When it comes to interesting photography techniques, I'd have to put panning somewhere in my top 3 favorite. There is so much cool stuff you can do with this technique and it applies to a lot of photography genres.
Panning is basically used to isolate a moving subject from the background, but unlike doing it traditionally, by blurring it with a long lens or using a wide open aperture, you do it by creating motion blur. You do it by following the subject's movement with your camera and shooting at a fast burst rate. It sounds a lot easier than it actually is because there are a lot of things you need to take into account. The speed at which you tilt your camera has to match that of the subject. The distance from the subject to the camera and the focal length of your lens also play an important role. But perhaps the most important setting in panning is shutter speed. Normally you would shoot a moving subject with a low shutter speed. With panning, you want the complete opposite. To get that nice, flowing look, you have to use a longer shutter speed. A good speed to start experimenting is 1/30th.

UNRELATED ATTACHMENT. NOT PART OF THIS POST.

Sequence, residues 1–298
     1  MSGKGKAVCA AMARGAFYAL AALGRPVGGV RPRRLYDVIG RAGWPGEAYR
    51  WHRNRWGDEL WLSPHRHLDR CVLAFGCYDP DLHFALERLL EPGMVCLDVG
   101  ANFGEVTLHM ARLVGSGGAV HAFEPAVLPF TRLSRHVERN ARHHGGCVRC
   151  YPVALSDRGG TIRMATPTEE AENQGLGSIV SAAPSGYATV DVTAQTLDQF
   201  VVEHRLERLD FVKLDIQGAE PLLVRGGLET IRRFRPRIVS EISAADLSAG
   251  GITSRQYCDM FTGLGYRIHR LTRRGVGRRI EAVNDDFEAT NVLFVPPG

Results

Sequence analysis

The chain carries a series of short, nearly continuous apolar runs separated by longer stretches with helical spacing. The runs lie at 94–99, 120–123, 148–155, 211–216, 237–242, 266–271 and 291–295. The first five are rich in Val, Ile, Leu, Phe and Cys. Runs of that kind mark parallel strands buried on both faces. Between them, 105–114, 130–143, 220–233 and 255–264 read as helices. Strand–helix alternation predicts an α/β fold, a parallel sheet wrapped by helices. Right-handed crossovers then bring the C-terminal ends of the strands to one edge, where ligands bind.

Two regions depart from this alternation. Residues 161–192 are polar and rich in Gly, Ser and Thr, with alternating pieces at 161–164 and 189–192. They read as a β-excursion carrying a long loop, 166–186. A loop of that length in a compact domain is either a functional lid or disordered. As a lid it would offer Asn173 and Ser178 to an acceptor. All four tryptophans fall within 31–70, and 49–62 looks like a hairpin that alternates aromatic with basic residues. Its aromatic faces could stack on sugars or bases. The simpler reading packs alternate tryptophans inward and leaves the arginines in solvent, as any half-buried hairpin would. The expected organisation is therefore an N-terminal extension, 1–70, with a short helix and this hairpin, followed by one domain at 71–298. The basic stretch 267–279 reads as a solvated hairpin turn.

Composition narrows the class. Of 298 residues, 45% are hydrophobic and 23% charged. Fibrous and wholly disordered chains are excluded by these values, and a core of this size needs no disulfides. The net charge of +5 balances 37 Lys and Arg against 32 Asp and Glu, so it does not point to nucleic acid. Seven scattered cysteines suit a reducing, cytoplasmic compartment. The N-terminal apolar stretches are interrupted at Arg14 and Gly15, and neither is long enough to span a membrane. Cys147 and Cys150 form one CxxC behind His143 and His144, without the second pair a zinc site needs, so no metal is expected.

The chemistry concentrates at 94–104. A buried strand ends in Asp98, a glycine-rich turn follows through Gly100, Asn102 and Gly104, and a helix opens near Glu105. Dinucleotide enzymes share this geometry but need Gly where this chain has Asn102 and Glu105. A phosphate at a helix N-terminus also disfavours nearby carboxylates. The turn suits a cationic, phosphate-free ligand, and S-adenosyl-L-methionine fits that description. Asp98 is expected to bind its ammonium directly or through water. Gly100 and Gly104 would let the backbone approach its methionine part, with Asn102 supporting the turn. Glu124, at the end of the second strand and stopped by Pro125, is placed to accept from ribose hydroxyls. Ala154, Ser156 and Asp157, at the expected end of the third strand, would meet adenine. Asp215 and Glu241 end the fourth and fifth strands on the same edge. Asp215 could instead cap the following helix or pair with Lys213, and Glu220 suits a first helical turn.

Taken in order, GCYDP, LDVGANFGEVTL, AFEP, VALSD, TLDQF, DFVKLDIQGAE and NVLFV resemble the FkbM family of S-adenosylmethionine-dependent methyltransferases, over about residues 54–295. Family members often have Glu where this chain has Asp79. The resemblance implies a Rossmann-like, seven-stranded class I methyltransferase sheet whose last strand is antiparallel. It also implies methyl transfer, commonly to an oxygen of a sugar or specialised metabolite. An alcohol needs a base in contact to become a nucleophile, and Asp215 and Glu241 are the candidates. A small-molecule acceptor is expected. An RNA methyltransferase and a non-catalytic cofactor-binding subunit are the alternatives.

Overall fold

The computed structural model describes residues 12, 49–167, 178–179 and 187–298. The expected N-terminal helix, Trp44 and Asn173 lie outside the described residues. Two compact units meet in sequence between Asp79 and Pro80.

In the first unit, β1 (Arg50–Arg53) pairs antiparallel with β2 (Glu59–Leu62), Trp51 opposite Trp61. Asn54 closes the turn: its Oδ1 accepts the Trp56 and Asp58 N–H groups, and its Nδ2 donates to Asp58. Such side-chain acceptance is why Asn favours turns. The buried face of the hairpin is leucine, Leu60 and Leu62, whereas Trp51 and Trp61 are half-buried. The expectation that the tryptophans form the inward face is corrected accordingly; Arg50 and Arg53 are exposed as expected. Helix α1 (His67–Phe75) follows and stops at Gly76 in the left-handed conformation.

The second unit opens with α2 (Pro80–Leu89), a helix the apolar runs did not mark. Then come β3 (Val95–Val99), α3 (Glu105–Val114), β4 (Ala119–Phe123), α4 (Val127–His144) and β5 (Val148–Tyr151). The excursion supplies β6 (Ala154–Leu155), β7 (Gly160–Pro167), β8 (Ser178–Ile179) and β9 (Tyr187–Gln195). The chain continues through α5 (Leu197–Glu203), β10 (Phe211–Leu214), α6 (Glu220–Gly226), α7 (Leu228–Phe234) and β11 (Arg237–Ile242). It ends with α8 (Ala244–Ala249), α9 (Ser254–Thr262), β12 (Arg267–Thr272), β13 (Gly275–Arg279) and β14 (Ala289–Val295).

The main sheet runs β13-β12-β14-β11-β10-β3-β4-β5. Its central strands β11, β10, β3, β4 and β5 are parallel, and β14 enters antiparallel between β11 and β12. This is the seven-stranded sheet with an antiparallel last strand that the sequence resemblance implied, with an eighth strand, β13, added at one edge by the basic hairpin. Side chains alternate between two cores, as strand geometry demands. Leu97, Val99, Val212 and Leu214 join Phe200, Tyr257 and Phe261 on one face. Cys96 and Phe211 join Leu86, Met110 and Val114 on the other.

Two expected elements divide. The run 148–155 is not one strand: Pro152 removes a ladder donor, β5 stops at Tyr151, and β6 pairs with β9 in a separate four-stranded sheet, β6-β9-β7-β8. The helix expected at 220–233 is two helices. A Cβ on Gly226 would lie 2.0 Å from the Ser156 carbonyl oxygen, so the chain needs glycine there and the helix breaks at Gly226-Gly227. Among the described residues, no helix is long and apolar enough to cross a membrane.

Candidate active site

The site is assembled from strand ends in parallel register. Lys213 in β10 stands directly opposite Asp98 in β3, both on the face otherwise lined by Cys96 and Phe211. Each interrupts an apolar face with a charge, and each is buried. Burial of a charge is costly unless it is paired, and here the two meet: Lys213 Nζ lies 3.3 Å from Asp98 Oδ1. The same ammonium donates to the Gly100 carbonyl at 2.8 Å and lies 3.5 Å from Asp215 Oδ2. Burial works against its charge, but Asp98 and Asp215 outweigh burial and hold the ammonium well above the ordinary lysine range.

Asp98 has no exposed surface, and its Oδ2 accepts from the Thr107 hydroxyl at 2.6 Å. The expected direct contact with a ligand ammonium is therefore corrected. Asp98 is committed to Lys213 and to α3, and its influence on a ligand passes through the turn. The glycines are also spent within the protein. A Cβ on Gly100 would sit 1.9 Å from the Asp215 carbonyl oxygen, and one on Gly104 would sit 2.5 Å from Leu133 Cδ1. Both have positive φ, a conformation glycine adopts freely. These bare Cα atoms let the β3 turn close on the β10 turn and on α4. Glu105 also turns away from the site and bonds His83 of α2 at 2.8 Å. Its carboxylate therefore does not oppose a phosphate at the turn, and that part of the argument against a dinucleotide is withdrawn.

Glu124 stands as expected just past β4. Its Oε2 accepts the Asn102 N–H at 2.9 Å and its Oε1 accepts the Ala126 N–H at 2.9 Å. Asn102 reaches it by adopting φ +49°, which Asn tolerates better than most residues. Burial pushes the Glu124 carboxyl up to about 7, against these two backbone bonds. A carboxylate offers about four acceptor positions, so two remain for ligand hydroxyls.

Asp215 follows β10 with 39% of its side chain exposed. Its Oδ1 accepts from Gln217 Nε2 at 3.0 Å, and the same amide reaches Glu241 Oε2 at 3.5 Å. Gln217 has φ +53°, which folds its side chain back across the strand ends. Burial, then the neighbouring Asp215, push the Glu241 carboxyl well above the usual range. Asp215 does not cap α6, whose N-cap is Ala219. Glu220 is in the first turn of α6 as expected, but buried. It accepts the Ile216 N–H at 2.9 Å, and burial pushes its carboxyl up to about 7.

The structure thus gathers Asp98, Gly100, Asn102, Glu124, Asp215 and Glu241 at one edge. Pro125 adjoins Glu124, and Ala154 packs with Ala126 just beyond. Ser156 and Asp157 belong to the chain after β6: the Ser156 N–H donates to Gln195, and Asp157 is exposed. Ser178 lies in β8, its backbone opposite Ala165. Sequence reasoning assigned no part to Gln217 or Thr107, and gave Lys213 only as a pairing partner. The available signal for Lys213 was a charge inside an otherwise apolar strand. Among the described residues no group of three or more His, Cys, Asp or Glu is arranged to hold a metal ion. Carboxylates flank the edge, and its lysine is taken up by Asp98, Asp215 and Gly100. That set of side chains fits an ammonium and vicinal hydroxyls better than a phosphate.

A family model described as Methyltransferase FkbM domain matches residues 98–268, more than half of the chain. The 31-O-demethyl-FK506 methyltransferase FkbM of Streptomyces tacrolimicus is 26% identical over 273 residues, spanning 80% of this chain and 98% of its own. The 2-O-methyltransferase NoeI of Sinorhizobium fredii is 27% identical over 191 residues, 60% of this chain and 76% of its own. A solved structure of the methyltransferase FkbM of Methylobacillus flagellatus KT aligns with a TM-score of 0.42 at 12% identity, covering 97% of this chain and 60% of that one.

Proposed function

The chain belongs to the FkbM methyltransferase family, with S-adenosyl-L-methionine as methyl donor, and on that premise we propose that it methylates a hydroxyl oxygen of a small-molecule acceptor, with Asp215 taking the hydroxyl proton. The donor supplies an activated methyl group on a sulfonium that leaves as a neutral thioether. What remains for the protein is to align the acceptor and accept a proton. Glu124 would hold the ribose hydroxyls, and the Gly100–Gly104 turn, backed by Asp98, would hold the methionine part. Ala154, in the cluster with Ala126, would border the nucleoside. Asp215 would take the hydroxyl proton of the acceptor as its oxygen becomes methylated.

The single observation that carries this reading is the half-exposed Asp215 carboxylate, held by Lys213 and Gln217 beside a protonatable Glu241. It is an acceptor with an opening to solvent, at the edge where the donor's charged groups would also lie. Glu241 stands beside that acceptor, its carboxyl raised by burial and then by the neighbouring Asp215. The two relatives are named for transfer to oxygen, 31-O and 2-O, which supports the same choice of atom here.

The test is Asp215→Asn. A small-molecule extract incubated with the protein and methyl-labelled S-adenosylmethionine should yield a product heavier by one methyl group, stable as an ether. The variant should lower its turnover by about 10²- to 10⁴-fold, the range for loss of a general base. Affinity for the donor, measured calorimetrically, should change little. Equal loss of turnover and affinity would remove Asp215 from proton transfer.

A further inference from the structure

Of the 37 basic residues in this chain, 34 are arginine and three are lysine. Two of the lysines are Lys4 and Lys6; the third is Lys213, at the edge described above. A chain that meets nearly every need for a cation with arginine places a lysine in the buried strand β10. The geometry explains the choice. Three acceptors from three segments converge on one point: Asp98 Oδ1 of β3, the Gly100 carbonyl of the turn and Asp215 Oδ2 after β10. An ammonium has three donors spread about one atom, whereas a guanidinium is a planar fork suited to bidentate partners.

The obvious problem with shooting at low shutter speeds in daylight is overexposure. You are very likely to get blown images, even if you close down your aperture. That's where the good old ND filter comes in. A good, strong 6 or 10 stop ND filter will allow you to shoot at low shutter speeds with no risk of overexposing.
Here is a video made by Adorama TV, in which photographer Doug McKinlay takes some cool panning shots in London.